On an everyday basis, most people reach for the same seasonings over and over. When you get a wild hair and want to cook Indian, Thai or African you go out of your way (or dig through the spices you haven't used forever) and reap the rewards of dishes that are intensely flavored. On an average weekday though, it's hard to get past fatigue and cook outside your usual flavor profile. 

When I want to add something really special to a dish, I lean on my favorite sauces rather than an exhaustive list of spices. Or I just throw some kimchi on top. My fav sauces are super quick to make and they last a few days to a week, so I can throw crazy flavor on top of anything (or everything) in seconds.

One my favorite things on the planet is this recent discovery. Seriously, this salsa will BLOW YOUR MIND. G made it for the first time a couple months ago and I lost it. It was mind and body-altering because it's so unlike a conventional salsa and it makes everything, I mean e-v-e-r-y-t-h-i-n-g, taste good. So far I've had it with tacos, meat, dumplings, eggs, rice, sandwiches, pasta, chips of course, and soups from all different cuisines and it immediately transforms what I'm eating.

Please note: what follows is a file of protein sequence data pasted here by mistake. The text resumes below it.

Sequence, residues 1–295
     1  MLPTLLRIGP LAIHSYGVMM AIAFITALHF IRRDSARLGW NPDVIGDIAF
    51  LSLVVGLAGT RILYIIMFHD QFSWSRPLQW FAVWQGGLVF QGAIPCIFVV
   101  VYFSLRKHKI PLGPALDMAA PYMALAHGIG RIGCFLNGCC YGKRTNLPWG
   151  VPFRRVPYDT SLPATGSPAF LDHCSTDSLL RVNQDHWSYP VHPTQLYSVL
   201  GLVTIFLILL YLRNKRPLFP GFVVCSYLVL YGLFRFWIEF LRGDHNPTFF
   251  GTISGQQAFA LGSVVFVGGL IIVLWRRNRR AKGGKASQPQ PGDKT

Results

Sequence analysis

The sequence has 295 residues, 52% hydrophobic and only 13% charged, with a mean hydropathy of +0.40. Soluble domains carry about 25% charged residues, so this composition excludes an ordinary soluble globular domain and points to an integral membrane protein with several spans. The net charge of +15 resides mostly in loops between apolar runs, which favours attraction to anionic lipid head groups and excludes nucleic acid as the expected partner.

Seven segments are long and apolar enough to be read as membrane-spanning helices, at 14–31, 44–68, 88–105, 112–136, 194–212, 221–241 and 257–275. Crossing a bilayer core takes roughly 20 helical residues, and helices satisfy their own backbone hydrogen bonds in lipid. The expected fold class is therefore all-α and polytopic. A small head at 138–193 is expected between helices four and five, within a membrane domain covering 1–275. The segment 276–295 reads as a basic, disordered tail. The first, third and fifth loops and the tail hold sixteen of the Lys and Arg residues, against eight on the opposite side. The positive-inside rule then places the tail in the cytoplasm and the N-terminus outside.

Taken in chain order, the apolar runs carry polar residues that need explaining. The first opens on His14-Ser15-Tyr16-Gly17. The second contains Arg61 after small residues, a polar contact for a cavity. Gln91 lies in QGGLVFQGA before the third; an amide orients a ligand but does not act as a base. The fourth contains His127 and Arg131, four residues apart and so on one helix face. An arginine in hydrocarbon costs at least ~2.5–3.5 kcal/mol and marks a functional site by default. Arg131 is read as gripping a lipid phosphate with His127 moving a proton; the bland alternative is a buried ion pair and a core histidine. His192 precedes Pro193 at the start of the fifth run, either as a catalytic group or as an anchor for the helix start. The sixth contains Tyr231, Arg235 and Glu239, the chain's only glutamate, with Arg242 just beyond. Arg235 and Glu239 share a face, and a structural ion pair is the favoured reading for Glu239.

I mentioned my other two "mother sauces" here and beyond your basics like soy and hot sauce, these sauces are really the only things I need to make food taste delicious. And two bonuses: 1) it's super cheap to make (score for Frugal February) and 2) hiiiii, perfect Super Bowl food! 'Round here, we're having friends over and I'm making empanadas with a side of this here salsa. Heaven.

~yields roughly a cup and a half

This recipe is adapted from Rancho Gordo's Scissor Salsa, which got it's name from the way you chop the chiles. Since dried chiles are used here and they aren't soaked ahead of time, it's the only practical way to chop them. 

1/2 cup extra virgin olive oil
4 garlic cloves, finely minced
8 whole, dried Ancho chiles
2 small shallots, finely chopped
1 tsp dried oregano (RG's Indio oregano is THE BEST!)
1/2 tsp kosher salt
1/4 cup red wine vinegar
1/4 cup sherry vinegar

In a small pot or pan, heat the oil and garlic over low heat for 3-4 minutes just to take the edge off the garlic. Be careful not to brown the garlic.
Meanwhile, over low heat in a cast iron skillet, toast the chiles being careful not to burn them. This is mostly to soften the chiles, rather than toast them.
Remove from the pan and with a pair of scissors, remove the stem, seeds and large veins from the peppers.
In a medium bowl, cut the peppers into small bite-size pieces.
Add the remaining ingredients and mix to combine.
Cover with plastic wrap and let it marinate for at least two hours. Place in the fridge if you are not planning to eat it right away.
This salsa will keep for at least a week in the fridge, if it lasts that long!